You may recall that last March 8th, the Historical Commission of the Congregation for the Causes of Saints unanimously recommended that the Cause for the Beatification and Canonization of the Servant of God Father Augustus Tolton continue to proceed. This morning it was announced that the Theological Commission of the same Congregation made the same recommendation:
Chicago, IL (Feb. 13, 2019) – The cause for beatification and canonization of The Servant of God Reverned Augustus Tolton, the first African American to be ordained a Roman Catholic priest for the United States, continues to advance with the approval of the theological consultants of the Congregation of the Causes of Saints of his virtuous and heroic life.
The nine-member theological commission unanimously voted on February 5, 2019 that the cause be moved forward and presented to the Ordinary Meeting of Cardinals and Archbishops, where a final vote will be taken before presenting the Decree of Heroic Virtues to the Holy Father for his approval. Upon the promulgation of that decree, Father Tolton would receive the title “Venerable”, which indicates he lived the theological virtues of faith, hope, and charity and the cardinal virtues of prudence, justice, fortitude, and temperance at a heroic level.

The full press release from the Archdiocese of Chicago can be read here.

Please continue to pray that Father Gus' Cause continues to move along swiftly.

12 February 2019

UPDATED: Father Tolton in the local news

Over the past several days, the diocesan Director of Communications asked me to give a series of interviews with local media outlets about the Servant of God Father Augustus Tolton.

The first interview to air was with KSDK's Holliday:

We were very pleased that Mr. Holliday devoted more than four minutes to the story of Father Gus, particularly in a news cycle where stories often received not more than a minute and a half.

From WAND, I talked with Doug Wolf:

I especially like the above interview because you can see the lei that hangs on the crucifix on my desk in my office at the Catholic Pastoral Center.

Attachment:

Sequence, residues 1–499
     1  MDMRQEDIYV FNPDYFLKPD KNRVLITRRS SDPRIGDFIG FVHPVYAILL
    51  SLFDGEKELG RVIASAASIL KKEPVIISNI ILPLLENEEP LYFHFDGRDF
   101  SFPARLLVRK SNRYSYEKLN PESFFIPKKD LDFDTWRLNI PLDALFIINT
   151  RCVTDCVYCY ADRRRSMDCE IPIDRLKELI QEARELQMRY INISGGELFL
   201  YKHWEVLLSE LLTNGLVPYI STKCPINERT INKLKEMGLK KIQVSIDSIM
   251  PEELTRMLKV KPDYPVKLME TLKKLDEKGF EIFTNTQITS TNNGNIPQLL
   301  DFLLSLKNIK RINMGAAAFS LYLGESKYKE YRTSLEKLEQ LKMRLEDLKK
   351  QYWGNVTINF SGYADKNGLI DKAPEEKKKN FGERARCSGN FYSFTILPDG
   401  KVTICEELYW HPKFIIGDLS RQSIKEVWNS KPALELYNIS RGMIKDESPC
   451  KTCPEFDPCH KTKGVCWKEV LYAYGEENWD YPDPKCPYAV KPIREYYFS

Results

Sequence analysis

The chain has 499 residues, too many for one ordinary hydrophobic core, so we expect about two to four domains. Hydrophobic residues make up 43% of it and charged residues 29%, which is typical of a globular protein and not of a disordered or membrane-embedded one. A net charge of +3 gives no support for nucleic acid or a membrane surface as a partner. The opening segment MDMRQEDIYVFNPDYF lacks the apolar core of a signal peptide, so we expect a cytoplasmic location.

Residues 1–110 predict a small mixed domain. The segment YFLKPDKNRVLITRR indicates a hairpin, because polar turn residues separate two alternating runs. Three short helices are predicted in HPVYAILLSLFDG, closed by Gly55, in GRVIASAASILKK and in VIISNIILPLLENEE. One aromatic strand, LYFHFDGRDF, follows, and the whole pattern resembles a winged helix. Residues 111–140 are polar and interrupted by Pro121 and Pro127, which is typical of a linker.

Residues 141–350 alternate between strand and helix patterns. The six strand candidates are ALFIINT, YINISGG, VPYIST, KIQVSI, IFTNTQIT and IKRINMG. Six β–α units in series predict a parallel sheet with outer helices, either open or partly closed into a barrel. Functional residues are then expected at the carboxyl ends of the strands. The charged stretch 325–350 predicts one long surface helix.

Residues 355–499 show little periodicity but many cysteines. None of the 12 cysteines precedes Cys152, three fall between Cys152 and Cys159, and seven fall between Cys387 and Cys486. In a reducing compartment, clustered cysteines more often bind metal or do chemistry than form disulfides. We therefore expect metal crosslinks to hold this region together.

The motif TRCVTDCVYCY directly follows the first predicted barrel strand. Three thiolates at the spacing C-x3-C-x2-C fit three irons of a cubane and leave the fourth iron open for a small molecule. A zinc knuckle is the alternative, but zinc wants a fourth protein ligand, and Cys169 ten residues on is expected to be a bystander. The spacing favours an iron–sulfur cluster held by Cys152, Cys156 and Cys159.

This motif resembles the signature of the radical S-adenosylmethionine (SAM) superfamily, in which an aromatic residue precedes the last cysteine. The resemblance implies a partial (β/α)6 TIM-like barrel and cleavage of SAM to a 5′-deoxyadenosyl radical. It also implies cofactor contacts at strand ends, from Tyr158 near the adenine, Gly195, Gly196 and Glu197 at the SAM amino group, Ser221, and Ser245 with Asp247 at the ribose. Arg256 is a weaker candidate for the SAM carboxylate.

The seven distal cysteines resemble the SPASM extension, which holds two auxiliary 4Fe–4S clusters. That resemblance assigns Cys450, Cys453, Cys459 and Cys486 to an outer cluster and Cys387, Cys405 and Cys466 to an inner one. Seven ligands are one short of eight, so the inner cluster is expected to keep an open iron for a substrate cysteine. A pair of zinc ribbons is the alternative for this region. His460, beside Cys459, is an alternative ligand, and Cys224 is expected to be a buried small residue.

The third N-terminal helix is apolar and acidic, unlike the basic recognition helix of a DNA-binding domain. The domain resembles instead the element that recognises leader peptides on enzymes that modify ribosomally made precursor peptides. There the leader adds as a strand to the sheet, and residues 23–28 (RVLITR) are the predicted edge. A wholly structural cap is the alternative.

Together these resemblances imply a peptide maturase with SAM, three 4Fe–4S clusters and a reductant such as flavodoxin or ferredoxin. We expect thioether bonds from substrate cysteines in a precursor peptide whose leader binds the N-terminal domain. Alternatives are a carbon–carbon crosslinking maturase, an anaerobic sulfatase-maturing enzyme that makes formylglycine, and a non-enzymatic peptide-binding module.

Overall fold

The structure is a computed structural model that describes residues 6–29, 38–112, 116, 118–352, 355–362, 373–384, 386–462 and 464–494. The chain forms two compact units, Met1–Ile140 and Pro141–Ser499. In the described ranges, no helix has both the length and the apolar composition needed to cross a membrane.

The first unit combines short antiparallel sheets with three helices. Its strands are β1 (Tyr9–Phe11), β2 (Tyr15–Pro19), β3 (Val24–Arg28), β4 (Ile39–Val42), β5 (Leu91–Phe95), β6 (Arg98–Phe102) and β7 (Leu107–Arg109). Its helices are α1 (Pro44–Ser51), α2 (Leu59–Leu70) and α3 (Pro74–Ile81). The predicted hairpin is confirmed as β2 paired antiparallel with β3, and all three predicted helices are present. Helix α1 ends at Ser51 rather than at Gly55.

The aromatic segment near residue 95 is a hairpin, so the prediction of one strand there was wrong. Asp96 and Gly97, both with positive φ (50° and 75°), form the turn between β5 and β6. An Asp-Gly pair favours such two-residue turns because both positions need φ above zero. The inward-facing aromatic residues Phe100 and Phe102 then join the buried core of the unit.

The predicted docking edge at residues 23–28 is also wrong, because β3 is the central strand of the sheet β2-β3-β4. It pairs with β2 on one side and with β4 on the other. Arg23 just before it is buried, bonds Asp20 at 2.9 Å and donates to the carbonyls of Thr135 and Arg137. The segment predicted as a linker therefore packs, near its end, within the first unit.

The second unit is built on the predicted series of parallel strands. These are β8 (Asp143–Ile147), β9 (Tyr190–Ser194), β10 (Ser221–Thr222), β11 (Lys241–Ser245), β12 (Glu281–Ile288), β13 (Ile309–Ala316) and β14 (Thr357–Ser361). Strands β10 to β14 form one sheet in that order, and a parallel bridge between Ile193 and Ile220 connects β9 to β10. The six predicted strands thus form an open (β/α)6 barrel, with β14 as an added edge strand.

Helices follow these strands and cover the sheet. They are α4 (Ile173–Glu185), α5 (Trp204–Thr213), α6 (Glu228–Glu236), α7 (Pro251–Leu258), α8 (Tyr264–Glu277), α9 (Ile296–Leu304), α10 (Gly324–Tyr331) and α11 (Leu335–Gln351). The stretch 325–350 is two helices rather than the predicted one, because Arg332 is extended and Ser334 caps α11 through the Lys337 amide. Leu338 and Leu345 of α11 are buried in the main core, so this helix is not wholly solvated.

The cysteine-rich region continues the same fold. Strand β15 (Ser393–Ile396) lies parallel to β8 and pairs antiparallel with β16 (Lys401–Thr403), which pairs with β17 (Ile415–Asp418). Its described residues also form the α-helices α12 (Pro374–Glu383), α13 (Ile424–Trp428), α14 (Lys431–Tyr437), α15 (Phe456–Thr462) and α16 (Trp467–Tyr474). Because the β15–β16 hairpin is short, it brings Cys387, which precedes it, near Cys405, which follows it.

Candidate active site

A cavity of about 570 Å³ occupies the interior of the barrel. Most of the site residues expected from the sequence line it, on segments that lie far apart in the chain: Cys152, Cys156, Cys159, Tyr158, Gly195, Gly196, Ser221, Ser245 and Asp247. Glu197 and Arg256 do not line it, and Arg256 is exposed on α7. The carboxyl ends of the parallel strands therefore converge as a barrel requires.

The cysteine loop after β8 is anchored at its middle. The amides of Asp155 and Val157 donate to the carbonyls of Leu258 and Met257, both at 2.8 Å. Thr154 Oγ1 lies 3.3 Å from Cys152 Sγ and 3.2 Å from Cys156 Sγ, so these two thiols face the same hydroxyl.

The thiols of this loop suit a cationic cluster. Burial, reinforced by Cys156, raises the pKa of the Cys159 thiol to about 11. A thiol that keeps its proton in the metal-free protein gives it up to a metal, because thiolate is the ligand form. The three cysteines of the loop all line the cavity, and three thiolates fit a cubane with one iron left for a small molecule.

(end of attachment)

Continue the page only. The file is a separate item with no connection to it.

From WCIA, I spoke with Mark Maxwell:

With these different interviews, the story of Father Tolton will have been shared in the major media outlets across the diocese, with the exception of the Quincy area where the media has previously shared his story on a number of different occasions.

As I sat down with the different reporters, I was impressed by their interest in his story, not simply as a piece for Black History Month, but as an inspiring witness of faith. Please join me in praying that Father Gus will soon be raised to the dignity of the altar and be declared a Blessed.

Update 16 February 2019: The interview I gave to National Public Radio can be heard here. I did not give an interview to the Quincy Herald-Whig, but they published a story, as did KHQA and WGEM.

Update 18 February 2019: The State Journal-Register's article is available here.

10 February 2019

Homily - The Fifth Sunday in Ordinary Time - 10 February 2019

The Fifth Sunday in Ordinary Time (C)

Dear brothers and sisters,

Today, the Apostle tells us what is “of first importance” (I Corinthians 15:1). Think, for a moment, about your life, about your goals, your hopes and dreams, about what most occupies your thoughts when things are quiet and you are alone. Thoroughly sift them for a moment in the sieve of your heart.

What is of first importance to you? Your spouse? Your children? Your work? Your retirement? Your freedom? Yourself? However important any of these may be, Saint Paul does not name any of them as being of first importance; rather, what he says is of first importance is what he has himself received. This little detail is of the greatest significance because it shows that Paul did not invent what says is most important; rather, he received it from the Lord Jesus and from the Twelve.

Contrary to what some claim today, Saint Paul is not the creator of Christianity; rather, he himself received the Christian faith and, having received it, endeavored to bring it to the entire world. For this faith, he willingly – and even gladly – endured shipwrecks and beatings and imprisonments and hunger and thirst (cf. II Corinthians 11:23-27). All of these he suffered because of what is of first importance, namely, “that Christ died for our sins in accordance with the Scriptures; that he was buried; that he was raised on the third day in accordance with the Scriptures; that he appeared to Cephas, then to the Twelve” (I Corinthians 15:3-5). When you thought about what is more important, did you think of the Gospel?

MS M.302 fol. 3r
The Morgan Library & Museum
Saint Paul says the Gospel is of first importance because he knew himself to be the “foremost” of sinners (I Timothy 1:15). He had “persecuted the Church of God” and in doing so had persecuted Christ Jesus himself (I Corinthians 15:9; cf. Acts 9:4). Being a sinner, he knew himself to be in need of salvation; he knew that without salvation he stood condemned, and he knew he could not save himself. This is why he knew that “Christ died for our sins” is of first importance, both for him and for us, for we are sinners, too, each one of us.